Further, drone strikes against significant targets in FATA continue to take out militants involved in attacks on Afghan soil. This further weakens the Afghan Taliban’s position, but does not necessarily cripple it (given the structure of the organisation). All this serves to make negotiations a more desirable option than they perhaps presently are.

When such negotiations begin, of course, Pakistan will likely have a key role to play. The recent capture of Afghan Taliban leader Mullah Baradar by Pakistani authorities, even if it was inadvertent (as has been claimed from some quarters), indicates that Pakistan realises this and will not be sidelined in the stepped up offensive. By the same token, US officials of late have been seen to offer a few carrots in with the ‘do more’ sticks it periodically throws in Pakistan’s general direction.

The truth is, ultimately, the coalition will need Pakistan in order to act in what has become its traditional role as negotiating agent. The US will go through Pakistan and its intelligence agencies to access the so-called Quetta Shura – they have no other point of contact, after all.

Any treaty to end hostilities between the two sides will, of course, involve ceding ground on both sides. The Taliban will either have to be incorporated into the existing state setup, or given control entirely of provinces where it has historically held sway (primarily in the south, with the divide roughly following ethnic divisions).

In return for this, and the disengagement of ISAF soldiers from Afghanistan, the Taliban will have to end all hostilities against both Western and Afghan state targets. Further, any deal will also likely involve a disavowal of al-Qaeda, either allowing Western forces to target the organisation in Afghanistan, or, more likely, expecting the Afghan authorities to do so. This disavowal may not be as unlikely as it seems, seeing as how dispersed al-Qaeda already is across the globe, particularly in Arab states such as Yemen.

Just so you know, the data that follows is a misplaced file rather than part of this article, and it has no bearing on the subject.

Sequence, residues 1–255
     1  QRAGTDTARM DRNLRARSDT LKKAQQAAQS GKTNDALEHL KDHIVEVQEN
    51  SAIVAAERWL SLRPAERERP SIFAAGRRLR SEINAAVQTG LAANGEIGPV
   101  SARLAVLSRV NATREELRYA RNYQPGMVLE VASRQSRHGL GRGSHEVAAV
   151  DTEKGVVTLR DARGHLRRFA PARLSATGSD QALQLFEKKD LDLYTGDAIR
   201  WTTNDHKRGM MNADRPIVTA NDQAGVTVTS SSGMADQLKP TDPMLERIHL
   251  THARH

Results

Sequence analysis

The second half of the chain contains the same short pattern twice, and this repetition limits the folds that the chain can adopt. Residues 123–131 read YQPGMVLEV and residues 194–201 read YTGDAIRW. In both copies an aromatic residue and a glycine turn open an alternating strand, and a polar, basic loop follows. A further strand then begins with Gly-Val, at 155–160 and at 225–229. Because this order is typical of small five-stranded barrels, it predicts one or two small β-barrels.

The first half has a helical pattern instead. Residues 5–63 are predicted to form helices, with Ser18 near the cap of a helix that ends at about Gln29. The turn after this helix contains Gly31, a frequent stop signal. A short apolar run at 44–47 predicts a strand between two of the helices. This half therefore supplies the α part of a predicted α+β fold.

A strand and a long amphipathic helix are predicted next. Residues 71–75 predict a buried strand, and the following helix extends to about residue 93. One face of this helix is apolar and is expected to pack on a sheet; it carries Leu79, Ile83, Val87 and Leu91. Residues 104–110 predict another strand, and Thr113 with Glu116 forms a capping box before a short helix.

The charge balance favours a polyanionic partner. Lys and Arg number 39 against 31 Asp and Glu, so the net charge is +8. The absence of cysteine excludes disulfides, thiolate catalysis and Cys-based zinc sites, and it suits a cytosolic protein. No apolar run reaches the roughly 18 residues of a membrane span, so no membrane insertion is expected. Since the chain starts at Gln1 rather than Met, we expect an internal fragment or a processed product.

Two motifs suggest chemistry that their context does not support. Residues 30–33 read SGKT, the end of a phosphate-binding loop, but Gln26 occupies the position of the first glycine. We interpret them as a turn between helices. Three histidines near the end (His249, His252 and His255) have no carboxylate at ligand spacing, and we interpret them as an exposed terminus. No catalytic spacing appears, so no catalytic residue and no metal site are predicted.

Pakistan, meanwhile, it should not be forgotten, will also have a stake in which direction these negotiations go. Any deal, since it will likely be brokered with substantial input from Islamabad, will have to take into account Pakistan’s fears regarding governance in the areas that may become Taliban-controlled, as these will be on the Pak-Afghan border. Negotiating any peace deal will be perhaps the trickiest for Pakistan, the middle man in this particular Mexican standoff.

There is, of course, one other, rather unlikely alternative: the coalition’s original plan. This involves training the Afghan National Army to the point where it is capable of securing the country and ensuring that the state has room to function. Given the fact that in order for this to work the ANA will have to wean popular Pashtun support away from the Taliban and induct members of that community into its ranks in numbers, this is unlikely. It is, after all, seen as part of a Western puppet regime.

And, even if that happens, as one London-based analyst quipped the other day, the best that would do is help to set up a “halfway decent military dictatorship” in Afghanistan. And in Pakistan, we know how that story goes.